Nokia plugs technology hole with Sega technology

Moving to plug a hole in its ambitious expansion into online multiplayer games, Nokia has agreed to acquire back-end server technology from Sega.

Under a deal announced Wednesday, Nokia will acquire for an undisclosed amount Sega.com whose primary asset is the multiplayer gaming software, Sega Network Application Package (SNAP), the Espoo, Finland, mobile phone manufacturer said in a statement.

"Development of online multiplayer games requires server technology, which has been missing at Nokia," Ilkka Raiskinen, senior vice president of mobile entertainment and media business at Nokia, said in a conference call. "Today's announcement will change this."

Nokia plans to incorporate SNAP technology into its N-Gage wireless gaming device, scheduled to begin shipping worldwide on Oct. 7, as well as several other terminals, according to Raiskinen. The Finnish company and Sega.com have been collaborating on this front for the past six months, he said.

In February, Nokia announced plans to launch its new N-Gage device, which is both a games console and cell phone. The device offers both Bluetooth short-range wireless networking capability, which allows gamers to play with others in the same room, and GPRS (General Packet Radio Service) connectivity to enable multiplayer online gaming over a wide area network, Raiskinen said.

With SNAP technology, Nokia expects to bring online games to market faster because its software engineers will now have direct access to back-end network technology, thus speeding up product development and testing cycles, according to Raiskinen.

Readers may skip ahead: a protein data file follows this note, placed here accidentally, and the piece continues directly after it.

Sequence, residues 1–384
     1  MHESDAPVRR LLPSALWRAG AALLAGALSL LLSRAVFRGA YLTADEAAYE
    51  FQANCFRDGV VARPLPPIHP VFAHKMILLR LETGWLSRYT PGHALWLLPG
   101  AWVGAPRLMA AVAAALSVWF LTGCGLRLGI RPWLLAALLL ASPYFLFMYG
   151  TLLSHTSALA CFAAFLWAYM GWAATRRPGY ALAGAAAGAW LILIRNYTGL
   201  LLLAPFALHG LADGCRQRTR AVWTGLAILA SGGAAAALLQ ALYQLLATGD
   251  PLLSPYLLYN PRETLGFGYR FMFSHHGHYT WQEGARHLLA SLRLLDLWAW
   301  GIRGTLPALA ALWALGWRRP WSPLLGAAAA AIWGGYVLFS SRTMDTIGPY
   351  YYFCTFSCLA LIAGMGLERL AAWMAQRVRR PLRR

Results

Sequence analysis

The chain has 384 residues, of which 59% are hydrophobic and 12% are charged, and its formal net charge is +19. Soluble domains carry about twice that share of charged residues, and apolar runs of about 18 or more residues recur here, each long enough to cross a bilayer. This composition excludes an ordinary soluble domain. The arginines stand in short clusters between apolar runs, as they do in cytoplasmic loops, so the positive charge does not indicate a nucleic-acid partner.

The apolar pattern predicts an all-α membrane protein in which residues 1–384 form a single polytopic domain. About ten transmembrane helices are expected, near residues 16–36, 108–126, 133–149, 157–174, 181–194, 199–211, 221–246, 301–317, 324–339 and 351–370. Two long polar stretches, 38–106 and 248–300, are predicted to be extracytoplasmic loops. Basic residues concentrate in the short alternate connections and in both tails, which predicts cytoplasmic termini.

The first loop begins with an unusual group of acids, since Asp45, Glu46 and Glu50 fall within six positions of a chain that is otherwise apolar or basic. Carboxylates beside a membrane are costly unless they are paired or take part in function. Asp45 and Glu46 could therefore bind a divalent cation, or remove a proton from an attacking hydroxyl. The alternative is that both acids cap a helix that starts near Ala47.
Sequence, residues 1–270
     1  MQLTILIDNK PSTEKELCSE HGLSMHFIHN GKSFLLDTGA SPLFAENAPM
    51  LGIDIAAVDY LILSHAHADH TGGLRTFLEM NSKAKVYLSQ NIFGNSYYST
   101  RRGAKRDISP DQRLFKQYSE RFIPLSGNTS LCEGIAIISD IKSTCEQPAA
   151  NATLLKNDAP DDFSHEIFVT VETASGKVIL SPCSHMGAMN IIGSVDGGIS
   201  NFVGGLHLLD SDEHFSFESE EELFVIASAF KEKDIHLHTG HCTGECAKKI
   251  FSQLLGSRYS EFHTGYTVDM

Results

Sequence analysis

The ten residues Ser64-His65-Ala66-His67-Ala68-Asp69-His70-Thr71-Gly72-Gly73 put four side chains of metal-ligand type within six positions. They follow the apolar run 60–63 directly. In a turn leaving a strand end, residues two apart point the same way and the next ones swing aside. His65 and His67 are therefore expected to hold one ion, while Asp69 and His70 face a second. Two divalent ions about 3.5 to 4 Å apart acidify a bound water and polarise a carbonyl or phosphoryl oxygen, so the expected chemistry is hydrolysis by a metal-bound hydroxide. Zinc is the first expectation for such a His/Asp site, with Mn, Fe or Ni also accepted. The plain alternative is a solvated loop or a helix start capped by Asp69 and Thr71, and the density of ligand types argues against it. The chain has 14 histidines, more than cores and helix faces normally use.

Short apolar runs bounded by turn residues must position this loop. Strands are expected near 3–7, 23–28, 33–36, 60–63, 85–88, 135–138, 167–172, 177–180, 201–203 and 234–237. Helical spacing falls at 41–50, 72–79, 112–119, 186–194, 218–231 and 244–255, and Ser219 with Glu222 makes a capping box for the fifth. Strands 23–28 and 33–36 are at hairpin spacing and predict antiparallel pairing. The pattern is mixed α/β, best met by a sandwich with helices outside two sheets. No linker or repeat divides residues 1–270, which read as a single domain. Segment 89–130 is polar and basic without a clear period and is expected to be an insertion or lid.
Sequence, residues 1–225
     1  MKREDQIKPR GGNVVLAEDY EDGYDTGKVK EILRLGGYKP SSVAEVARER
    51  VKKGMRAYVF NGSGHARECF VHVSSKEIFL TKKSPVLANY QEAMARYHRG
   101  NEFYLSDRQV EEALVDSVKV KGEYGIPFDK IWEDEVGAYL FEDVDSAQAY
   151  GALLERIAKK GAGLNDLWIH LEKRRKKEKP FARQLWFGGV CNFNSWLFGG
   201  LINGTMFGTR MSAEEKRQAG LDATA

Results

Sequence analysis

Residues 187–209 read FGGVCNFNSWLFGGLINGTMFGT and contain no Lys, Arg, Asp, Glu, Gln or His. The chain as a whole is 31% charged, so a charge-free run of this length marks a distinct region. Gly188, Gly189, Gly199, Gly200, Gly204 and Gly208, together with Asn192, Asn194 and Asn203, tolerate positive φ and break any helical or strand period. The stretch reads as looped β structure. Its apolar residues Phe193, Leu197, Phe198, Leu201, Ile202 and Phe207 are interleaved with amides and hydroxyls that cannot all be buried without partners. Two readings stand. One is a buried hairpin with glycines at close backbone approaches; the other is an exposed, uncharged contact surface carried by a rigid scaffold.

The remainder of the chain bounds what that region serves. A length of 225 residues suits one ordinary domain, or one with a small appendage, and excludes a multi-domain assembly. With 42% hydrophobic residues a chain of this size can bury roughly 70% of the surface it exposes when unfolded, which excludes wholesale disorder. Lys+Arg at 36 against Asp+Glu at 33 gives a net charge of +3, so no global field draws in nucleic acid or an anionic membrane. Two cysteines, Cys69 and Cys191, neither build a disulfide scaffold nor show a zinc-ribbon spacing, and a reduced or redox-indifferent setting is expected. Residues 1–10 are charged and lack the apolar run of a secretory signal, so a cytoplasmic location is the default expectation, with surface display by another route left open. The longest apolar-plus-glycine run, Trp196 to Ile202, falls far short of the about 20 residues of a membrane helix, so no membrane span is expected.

"Also, by owning Sega.com, we will have control of the future roadmap of SNAP technology, allowing us to better align the back-end technology with the games running over the N-Gage game deck," said Pasi Polonen, director of games publishing at Nokia.

Calling the acquisition a "perfect fit," Sega.com Chief Operating Officer Gerard Wiener said the deal will allow Nokia to take the gaming industry, in general, and SNAP technology, in particular, to "a whole other level." He referred to the technology as a key building block for developing community games.

Nokia will license SNAP technology to third parties, including other console vendors, publishers and network operators, Raiskinen said.

The Finnish company declined to comment on whether Sega.com, which is located in San Francisco, is profitable.

Another Nokia spokeswoman, Kenya Rodgers, earlier said Sega.com's 51 employees will all get offers to join Nokia, while the company's San Francisco office will become part of Nokia Mobile Phones' Entertainment and Media unit.

The network entertainment unit of Japan's Sega group, Sega.com built the first Internet-enabled games console, according to Wiener.

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